The Fruitcake Lady and Her Herbed New Potatoes

  • Pin It
  • print
  • email to a friend
By Damon Lee Fowler

Being a food writer has few material compensations. Many people think it is some kind of magic path to fame, glamour, and fortune, but unfortunately the odds for becoming wealthy with pen and pan are slimmer than one’s chances with the lottery.

It does, however, have its compensations, one of the best being the people that one gets to know and count as friends.

“Don’t change your phone number,” Marie Rudisill once told me. “Half the fun you’re gonna have is the phone calls you’ll get.”

The very fact that Truman Capote’s feisty Aunt Tiny was already calling me gave ironic truth to the observation. While it was long before she’d spun her unique brand of opinionated sass into a career as The Tonight Show’s Fruitcake Lady, Marie was well known as a controversial biographer of her famous nephew and, more to the point, a legend among food writers for Sook’s Cookbook, her memoir in recipes of Capote’s famously eccentric family, and as a tireless champion of traditional Southern cooking.

I’d written Marie with a few questions about her book and there must have been something in that letter that made her recognize a kindred spirit. From that first call, she took me under her wing, becoming a mentor and advisor, a touchstone to my roots, and a conscience that kept me on the straight and narrow. It was the beginning of a cherished friendship that would last nearly two decades.

No matter where we started—illness, disappointed love, professional frustration, or the time Truman Capote’s ashes went missing—the conversation always came back around to food. If you remember Marie’s first appearance on The Tonight Show, when she hilariously cut Jay Leno and Mel Gibson down to size with a highly vocal and entertaining defense of fruitcake, landing a permanent spot on the show and place in our hearts, then you have some idea about what our phone conversations were like.

From the pretentious and misguided re-interpretations of Southern cooking by the nouvelle chefs of that day to the sad state of supermarket tomatoes, Marie would hold forth in salty language that made her Fruitcake Lady seem tame.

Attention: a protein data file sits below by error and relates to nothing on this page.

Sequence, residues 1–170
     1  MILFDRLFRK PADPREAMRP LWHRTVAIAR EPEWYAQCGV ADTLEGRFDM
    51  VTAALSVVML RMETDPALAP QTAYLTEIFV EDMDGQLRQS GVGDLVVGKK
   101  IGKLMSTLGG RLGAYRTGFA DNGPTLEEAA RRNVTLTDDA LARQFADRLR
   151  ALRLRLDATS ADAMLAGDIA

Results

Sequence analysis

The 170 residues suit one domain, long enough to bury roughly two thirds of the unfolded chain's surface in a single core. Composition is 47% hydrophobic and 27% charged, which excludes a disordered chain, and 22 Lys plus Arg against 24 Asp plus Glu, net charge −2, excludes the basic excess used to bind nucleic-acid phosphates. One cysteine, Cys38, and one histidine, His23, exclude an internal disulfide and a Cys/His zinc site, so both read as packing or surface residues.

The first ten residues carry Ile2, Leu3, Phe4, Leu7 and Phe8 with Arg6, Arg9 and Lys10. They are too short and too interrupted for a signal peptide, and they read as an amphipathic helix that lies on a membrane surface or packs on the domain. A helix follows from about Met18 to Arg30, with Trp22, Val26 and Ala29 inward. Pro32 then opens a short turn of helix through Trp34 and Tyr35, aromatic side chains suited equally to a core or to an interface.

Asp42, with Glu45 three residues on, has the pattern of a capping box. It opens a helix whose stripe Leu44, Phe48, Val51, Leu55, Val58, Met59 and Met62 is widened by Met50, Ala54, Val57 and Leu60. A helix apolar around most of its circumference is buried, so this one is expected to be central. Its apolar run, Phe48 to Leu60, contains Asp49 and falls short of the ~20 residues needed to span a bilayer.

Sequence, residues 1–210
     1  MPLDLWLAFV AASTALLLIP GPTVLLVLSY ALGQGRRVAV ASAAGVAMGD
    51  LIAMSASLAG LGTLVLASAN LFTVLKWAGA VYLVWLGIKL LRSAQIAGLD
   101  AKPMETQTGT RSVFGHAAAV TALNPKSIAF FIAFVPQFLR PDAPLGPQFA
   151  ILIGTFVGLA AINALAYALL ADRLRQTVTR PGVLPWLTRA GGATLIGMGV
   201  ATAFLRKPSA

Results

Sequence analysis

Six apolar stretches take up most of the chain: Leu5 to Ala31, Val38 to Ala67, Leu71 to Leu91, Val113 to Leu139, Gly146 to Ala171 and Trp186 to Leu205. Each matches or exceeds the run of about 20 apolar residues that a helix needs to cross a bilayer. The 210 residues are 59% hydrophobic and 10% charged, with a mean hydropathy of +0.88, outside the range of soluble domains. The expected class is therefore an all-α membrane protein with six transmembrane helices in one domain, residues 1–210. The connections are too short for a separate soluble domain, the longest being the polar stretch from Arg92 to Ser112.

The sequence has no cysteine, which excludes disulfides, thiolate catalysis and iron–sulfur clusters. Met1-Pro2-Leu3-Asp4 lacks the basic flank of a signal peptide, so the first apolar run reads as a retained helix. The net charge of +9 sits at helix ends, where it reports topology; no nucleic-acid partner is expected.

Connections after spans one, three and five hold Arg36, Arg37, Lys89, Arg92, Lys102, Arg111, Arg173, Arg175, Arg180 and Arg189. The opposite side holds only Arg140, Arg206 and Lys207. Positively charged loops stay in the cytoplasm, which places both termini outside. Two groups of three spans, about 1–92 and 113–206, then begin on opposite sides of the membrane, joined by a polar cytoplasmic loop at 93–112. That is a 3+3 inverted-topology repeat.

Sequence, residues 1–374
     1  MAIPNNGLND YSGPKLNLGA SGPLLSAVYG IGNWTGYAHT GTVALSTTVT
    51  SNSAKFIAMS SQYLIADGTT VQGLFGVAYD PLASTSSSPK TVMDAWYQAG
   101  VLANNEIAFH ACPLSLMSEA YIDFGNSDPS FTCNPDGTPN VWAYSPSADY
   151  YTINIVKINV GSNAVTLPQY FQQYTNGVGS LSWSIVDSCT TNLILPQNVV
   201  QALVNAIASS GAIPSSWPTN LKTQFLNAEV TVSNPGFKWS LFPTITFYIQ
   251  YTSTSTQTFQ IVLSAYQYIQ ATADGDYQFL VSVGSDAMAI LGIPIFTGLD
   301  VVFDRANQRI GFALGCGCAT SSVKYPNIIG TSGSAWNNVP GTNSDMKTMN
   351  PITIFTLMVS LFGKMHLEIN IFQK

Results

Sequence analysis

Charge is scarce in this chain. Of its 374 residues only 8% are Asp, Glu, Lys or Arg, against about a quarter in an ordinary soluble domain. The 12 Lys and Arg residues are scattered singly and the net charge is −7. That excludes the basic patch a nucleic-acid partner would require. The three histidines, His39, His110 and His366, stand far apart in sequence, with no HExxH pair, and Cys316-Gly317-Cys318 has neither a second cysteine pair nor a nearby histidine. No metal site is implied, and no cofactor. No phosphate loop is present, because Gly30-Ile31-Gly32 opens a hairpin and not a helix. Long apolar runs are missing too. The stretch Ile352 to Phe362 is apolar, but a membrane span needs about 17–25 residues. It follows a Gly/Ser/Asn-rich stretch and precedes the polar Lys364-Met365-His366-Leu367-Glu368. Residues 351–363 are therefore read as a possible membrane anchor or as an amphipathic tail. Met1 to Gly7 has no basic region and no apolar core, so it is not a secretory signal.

One thing that could set her off quicker than a bird dog in hunting season was the undeservedly bad reputation that Southern vegetable cookery had earned no thanks to all those roadside diners advertising “country cookin’” consisting mainly of canned vegetables boiled to unrecognizable mush with a hunk of greasy bacon.

One of our shared favorites was freshly dug new potatoes, the kind whose skin is so new and fragile that it rubs right off in your hands. We both loved those simply steamed on top of slow-cooked pole beans, but this simple way of preparing them was another favorite of hers. Light, fresh, and earthy, yet refined enough for the best Sunday dinner table, they capture the essence of the woman I loved—a woman so few people really got to see.

The Fruitcake Lady’s Sunday Dinner Herbed New Potatoes
Serves 6

1½ pounds new potatoes
4 tablespoons unsalted butter
1 tablespoon lemon juice
3 tablespoons parsley, snipped
1 tablespoon fresh chives, chopped
2 heads fresh dill, snipped (about 2 tablespoons)
Whole white pepper in a mill

Scrub the potatoes with a coarse brush under cool running water. Peel away a strip of the skin from around the middle of each potato, leaving the remaining skin intact.

Put the potatoes in a large pot and add enough water to cover them by an inch. Remove the potatoes, cover the pot, and bring the water to a boil over medium-high heat. Add a small handful of salt, and carefully return the potatoes to the pot. Loosely cover, let it come back to a boil, adjust the heat to a steady simmer and cook until the potatoes are just tender, about 12-25 minutes, depending on their size. Drain and return them to the pot.